Baby(redirected from babier)
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Americans adopted the New Year's baby from German immigrants. In Germany, the history of the baby as a New Year's symbol can be traced back to a fourteenth-century folk song. At least one scholar has identified an even earlier use of the baby as a holiday symbol. Theodor Gaster claims that the ancient Greeks used the baby as a symbol of the wine and vegetation god Dionysus during Lenaia, a January festival honoring his rebirth that was widely celebrated in Athens. (For a similar symbol, see also Russia, Christmas in.)
Gaster, Theodor. New Year, Its History, Customs and Superstitions. New York: Abelard-Schuman, 1955. James, E. O. Seasonal Feasts and Festivals. 1961. Reprint. Detroit, Mich.: Omnigraphics, 1993.
What does it mean when you dream about a baby?
Babies are very complex dream symbols that represent everything from the rebirth of the self, the emergence of new possibilities in your life, or being rendered helpless and vulnerable. Even a new baby in the dreamer’s life may be indicated by this dream, but not always. This symbol often shows up when the dreamer is entering a new phase of life, which is like giving birth to oneself. Bad dreams in which a baby is deformed, has injuries, or is stillborn are not uncommon for parents who are anxious about the pregnancy, especially for expectant couples who have never had children before. Even though it feels like a dreadfully horrible nightmare, it’s usually nothing to be taken seriously, unless it becomes a nightly event. (Also see Embryo, Miscarriage, Pregnant).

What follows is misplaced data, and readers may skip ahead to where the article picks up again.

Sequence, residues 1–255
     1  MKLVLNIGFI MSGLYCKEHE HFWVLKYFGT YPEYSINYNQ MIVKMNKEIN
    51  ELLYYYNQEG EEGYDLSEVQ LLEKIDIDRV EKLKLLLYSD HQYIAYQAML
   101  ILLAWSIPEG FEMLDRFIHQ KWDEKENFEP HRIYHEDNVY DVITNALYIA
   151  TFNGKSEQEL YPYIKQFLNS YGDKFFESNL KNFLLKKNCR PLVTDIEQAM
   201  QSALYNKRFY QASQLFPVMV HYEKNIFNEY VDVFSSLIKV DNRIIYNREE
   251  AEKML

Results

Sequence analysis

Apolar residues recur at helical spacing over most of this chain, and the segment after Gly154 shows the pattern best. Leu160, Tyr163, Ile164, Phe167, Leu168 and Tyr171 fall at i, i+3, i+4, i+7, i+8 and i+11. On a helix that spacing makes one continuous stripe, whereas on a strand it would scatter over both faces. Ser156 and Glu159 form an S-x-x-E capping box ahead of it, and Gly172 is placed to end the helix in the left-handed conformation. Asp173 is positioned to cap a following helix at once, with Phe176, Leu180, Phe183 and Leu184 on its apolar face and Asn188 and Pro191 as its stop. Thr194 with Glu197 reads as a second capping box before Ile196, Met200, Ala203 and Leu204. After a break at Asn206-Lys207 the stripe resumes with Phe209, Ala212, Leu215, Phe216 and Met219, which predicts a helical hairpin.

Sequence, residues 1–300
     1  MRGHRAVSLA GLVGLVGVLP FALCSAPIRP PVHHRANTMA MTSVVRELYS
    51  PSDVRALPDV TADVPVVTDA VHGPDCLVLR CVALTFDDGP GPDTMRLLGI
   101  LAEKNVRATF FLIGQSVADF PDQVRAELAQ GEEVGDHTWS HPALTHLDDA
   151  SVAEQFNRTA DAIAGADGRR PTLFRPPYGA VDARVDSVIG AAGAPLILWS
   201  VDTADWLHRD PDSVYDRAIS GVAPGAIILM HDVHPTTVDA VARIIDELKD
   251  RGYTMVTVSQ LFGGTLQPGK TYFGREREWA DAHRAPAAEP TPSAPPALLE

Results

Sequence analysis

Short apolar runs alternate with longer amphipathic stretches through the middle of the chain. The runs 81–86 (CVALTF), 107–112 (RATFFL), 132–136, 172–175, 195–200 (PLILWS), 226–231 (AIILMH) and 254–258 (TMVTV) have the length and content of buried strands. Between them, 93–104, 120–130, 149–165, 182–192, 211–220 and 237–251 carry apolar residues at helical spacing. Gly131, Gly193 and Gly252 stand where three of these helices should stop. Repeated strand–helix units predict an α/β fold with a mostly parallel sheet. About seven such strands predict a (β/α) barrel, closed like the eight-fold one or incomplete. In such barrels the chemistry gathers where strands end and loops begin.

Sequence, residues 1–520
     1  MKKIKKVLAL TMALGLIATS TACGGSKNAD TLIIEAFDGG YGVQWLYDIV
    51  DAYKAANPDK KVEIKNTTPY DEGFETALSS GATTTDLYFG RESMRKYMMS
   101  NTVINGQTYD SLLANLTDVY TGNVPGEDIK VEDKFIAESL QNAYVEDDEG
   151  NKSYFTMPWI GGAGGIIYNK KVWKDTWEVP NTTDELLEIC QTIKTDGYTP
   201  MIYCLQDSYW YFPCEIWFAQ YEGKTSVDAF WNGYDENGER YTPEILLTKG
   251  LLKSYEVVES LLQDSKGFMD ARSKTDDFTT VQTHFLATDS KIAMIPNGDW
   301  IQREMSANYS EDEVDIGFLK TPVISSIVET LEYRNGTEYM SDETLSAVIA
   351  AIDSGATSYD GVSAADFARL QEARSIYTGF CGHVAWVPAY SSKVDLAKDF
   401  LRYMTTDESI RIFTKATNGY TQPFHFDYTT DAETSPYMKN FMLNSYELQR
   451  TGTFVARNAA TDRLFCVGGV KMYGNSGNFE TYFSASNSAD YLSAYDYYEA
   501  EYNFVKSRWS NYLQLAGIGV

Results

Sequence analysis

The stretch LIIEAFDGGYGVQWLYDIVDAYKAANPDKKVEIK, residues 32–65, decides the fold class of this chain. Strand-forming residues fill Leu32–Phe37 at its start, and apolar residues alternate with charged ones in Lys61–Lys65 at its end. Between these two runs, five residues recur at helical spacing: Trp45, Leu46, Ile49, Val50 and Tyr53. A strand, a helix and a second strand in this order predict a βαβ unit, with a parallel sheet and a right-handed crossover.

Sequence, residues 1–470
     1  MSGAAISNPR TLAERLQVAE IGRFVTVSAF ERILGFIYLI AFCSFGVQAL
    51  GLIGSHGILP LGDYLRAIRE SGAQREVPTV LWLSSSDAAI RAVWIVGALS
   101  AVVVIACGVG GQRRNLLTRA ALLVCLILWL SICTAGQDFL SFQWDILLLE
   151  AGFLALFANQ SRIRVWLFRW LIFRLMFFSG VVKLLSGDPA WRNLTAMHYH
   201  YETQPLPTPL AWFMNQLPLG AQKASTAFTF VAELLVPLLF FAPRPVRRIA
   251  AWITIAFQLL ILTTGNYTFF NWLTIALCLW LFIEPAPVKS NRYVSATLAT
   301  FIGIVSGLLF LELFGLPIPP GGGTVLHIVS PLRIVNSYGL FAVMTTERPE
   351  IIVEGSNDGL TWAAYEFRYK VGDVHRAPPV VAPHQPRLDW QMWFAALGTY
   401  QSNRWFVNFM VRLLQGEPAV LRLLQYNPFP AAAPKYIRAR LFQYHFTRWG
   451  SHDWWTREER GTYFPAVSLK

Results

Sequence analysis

BabyThe first computer to run a program in its own electronic storage. Developed at the University of Manchester in England by Professor F.C. (Freddie) Williams and graduate student Tom Kilburn, Baby's memory was CRT based, which Williams conceived as a storage device for binary information. In 1948, its "Williams Tube" produced a grid of 1,024 bits.
A Big Baby
Like the ENIAC, its American counterpart, Baby, officially known as the Small Scale Experimental Machine (SSME), was huge. Driven by 6,000 vacuum tubes and weighing one ton, it was 16 feet long and 7 feet high. Unlike the ENIAC, it did not require extensive rewiring to change the program.
An Early Prototype
Starting in 1949, Baby served as a prototype for two more powerful Manchester Mark I models, which were the forerunners of the Ferranti Mark I, commercialized by Ferranti-Packard of Toronto in 1951. ICL's Series 1900 was based on the Ferranti machine. In 1959, the MUSE was introduced, the final Manchester machine. It was a faster computer with transistors and magnetic core storage. The commercial version of the MUSE was renamed Atlas.